WIPO Arbitration and Mediation Center
ADMINISTRATIVE PANEL DECISION
FLRish IP, LLC v. WhoisGuard Protected, WhoisGuard, Inc. / Ngom Marceline Anwi, Webmastersmalingo
Case No. D2019-0997
1. The Parties
The Complainant is FLRish IP, LLC, United States of America (“United States”), represented by Evoke Law, PC, United States.
The Respondent is WhoisGuard Protected, WhoisGuard, Inc., Panama / Ngom Marceline Anwi, Webmastersmalingo, Cameroon.
2. The Domain Name and Registrar
The disputed domain name <harborsidestore.com> is registered with NameCheap, Inc. (the “Registrar”).
3. Procedural History
The Complaint was filed with the WIPO Arbitration and Mediation Center (the “Center”) on May 1, 2019. On May 2, 2019, the Center transmitted by email to the Registrar a request for registrar verification in connection with the disputed domain name. On May 2, 2019, the Registrar transmitted by email to the Center its verification response disclosing registrant and contact information for the disputed domain name which differed from the named Respondent and contact information in the Complaint. The Center sent an email communication to the Complainant on May 3, 2019, providing the registrant and contact information disclosed by the Registrar, and inviting the Complainant to submit an amendment to the Complaint. The Complainant filed an amended Complaint on May 3, 2019.
The Center verified that the Complaint, together with the amended Complaint, satisfied the formal requirements of the Uniform Domain Name Dispute Resolution Policy (the “Policy” or “UDRP”), the Rules for Uniform Domain Name Dispute Resolution Policy (the “Rules”), and the WIPO Supplemental Rules for Uniform Domain Name Dispute Resolution Policy (the “Supplemental Rules”).
In accordance with the Rules, paragraphs 2 and 4, the Center formally notified the Respondent of the Complaint, and the proceedings commenced on May 6, 2019. In accordance with the Rules, paragraph 5, the due date for Response was May 26, 2019. The Respondent did not submit any response. Accordingly, the Center notified the Respondent’s default on May 27, 2019.
The Center appointed Charles Gielen as the sole panelist in this matter on May 31, 2019. The Panel finds that it was properly constituted. The Panel has submitted the Statement of Acceptance and Declaration of Impartiality and Independence, as required by the Center to ensure compliance with the Rules, paragraph 7.
4. Factual Background
The Complainant is a company operating cannabis dispensaries, delivery services, manufacturing, and cultivating pursuant to California’s Medicinal and Adult-Use Cannabis Regulation and Safety Act. The Complainant owns numerous trademark registrations for HARBORSIDE, such as United States registration No. 5509269 registered on July 3, 2018, for goods and services in classes 25, 35, 41, and 44; as well as for a device mark containing the word HARBORSIDE, such as International registration No. 1361694 registered on May 15, 2017, for goods and services in classes 25, 35, 41, and 44. Furthermore, the Complainant holds the domain name <shopharborside.com> incorporating the trademark HARBORSIDE.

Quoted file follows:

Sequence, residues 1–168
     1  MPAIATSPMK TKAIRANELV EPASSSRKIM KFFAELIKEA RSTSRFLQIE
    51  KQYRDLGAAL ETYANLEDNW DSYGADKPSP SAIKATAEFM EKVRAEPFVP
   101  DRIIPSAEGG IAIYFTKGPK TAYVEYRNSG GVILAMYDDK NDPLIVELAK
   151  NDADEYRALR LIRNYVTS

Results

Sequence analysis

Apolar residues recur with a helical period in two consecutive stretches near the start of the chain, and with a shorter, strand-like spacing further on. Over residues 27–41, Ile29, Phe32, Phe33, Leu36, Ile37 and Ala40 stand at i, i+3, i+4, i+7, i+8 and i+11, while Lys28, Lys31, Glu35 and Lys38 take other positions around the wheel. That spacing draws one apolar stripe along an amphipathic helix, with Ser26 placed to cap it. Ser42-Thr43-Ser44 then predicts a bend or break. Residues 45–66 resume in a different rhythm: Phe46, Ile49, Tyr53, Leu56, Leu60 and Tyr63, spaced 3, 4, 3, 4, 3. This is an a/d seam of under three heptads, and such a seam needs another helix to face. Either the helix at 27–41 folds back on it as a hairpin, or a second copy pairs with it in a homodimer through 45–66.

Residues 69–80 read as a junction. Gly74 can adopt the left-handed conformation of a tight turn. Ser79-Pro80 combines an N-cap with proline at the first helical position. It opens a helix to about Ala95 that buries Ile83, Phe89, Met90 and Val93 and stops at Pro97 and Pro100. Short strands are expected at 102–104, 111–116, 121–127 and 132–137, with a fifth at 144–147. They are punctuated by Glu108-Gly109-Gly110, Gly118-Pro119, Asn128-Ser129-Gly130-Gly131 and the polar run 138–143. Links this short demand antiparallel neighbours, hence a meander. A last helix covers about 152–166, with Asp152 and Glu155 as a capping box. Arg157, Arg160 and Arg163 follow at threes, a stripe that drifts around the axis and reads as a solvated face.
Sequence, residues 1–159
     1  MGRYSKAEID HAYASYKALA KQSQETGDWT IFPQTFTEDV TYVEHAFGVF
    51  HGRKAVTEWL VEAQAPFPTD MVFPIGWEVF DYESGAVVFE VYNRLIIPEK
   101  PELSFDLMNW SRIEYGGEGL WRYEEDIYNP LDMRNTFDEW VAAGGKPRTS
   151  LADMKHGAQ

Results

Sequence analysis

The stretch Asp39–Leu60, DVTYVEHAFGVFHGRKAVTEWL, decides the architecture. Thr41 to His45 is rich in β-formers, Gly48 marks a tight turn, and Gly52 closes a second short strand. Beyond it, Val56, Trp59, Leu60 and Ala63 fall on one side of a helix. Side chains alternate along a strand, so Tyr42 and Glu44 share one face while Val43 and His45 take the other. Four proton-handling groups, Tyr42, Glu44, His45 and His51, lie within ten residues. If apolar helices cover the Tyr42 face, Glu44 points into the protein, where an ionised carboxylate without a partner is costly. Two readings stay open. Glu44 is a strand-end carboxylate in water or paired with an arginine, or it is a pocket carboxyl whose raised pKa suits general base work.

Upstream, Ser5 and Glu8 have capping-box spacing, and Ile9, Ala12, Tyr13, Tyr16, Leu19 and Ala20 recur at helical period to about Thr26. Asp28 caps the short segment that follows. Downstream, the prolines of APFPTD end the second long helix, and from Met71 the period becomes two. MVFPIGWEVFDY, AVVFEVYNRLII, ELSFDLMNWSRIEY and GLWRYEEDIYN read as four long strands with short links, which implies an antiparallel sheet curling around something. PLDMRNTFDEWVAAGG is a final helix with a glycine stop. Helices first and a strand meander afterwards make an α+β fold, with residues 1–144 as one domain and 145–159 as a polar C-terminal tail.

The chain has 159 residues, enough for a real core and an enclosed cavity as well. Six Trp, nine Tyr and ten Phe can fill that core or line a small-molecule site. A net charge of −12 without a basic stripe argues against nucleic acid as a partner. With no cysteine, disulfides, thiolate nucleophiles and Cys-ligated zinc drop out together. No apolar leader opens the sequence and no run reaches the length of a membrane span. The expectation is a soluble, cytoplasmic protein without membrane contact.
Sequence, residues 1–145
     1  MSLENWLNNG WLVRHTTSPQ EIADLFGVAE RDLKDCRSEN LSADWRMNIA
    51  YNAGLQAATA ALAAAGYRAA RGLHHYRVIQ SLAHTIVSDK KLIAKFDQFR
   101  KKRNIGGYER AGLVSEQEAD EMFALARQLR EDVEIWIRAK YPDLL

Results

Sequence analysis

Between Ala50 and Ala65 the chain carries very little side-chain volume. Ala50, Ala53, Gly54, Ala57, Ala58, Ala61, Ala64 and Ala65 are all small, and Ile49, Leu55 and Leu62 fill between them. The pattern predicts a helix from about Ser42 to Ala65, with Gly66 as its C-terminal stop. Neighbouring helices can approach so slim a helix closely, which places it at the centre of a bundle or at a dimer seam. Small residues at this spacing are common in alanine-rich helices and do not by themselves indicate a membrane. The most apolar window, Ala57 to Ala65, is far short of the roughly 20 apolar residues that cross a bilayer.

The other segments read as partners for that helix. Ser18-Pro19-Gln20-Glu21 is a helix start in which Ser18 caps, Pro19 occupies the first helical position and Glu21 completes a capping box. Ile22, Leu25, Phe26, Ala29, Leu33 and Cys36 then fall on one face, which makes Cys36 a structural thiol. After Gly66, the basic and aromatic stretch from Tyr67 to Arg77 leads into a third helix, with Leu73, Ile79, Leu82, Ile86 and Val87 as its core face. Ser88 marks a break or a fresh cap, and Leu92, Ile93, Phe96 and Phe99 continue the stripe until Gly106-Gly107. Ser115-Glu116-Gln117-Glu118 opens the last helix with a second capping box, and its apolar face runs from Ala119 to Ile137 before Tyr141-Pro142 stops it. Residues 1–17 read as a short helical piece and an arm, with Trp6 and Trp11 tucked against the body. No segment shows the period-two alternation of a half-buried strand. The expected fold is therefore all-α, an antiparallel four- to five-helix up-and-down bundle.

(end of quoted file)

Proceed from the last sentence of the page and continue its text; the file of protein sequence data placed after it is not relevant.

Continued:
The disputed domain name <harborsidestore.com> was created on April 16, 2019, and leads to a webpage that displays the trademark HARBORSIDE of the Complainant in connection with promotion and sale of cannabis and cannabis products.
5. Parties’ Contentions
The Complainant contends it is a California licensed enterprise operating cannabis dispensaries, delivery services, manufacturing, and cultivating pursuant to California’s Medicinal and Adult-Use Cannabis Regulation and Safety Act using the trademark HARBORSIDE and that at all times, the Complainant has maintained the necessary approvals to legally provide patients and/or adult-users cannabis products in California. Furthermore, the Complainant contends that it is well regarded nationally as an exemplary organization and was the subject of a documentary series on Discovery channel. Even before the Discovery Channel series debuted, the dispensary operated under the name Harborside had been prominently and positively reported on in the media, featured by news teams from around the globe including major news outlets in the United States, as well as in Canada, Japan, Germany, and the United Kingdom. More specifically, the Complainant has been favorably reported on by the “USA Today”, “NBC News”, “ABC 7 News”, “Reuters”, “CNet”, and “New York Times”. Due to its success and prominence, the Complainant argues it has established considerable goodwill in the trademark HARBORSIDE.
The Complainant contends that the disputed domain name is confusingly similar to the Complainant’s trademark, since the disputed domain name reproduces the trademark HARBORSIDE in its entirety followed by the generic term “store”.
Furthermore, the Complainant contends that the Respondent does not have any rights or legitimate interests in the disputed domain name. The Complainant gives the following reasons for this. Firstly, the Respondent is not making use of, or did not make demonstrable preparations to use the disputed domain name in connection with a bona fide offering of goods or services. The disputed domain name leads to a webpage that prominently displays the trademark HARBORSIDE in connection with promotion and sale of cannabis and cannabis products. While the Respondent’s website currently offers cannabis goods for sale, such offerings cannot be classified as being bona fide as they are being made with the intention to deceive consumers into mistakenly thinking they are purchasing from the Complainant. Secondly, the Respondent is not commonly known by the disputed domain name, nor has it acquired trademark or service mark rights to the word “harborside”. Finally, the Respondent is not making legitimate noncommercial or fair use of the disputed domain name.